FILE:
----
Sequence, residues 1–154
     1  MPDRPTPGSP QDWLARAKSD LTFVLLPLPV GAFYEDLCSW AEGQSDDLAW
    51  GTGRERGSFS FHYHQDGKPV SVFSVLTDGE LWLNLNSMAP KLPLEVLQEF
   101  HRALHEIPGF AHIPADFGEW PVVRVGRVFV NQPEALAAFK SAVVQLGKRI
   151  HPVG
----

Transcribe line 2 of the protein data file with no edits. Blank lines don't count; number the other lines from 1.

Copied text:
     1  MPDRPTPGSP QDWLARAKSD LTFVLLPLPV GAFYEDLCSW AEGQSDDLAW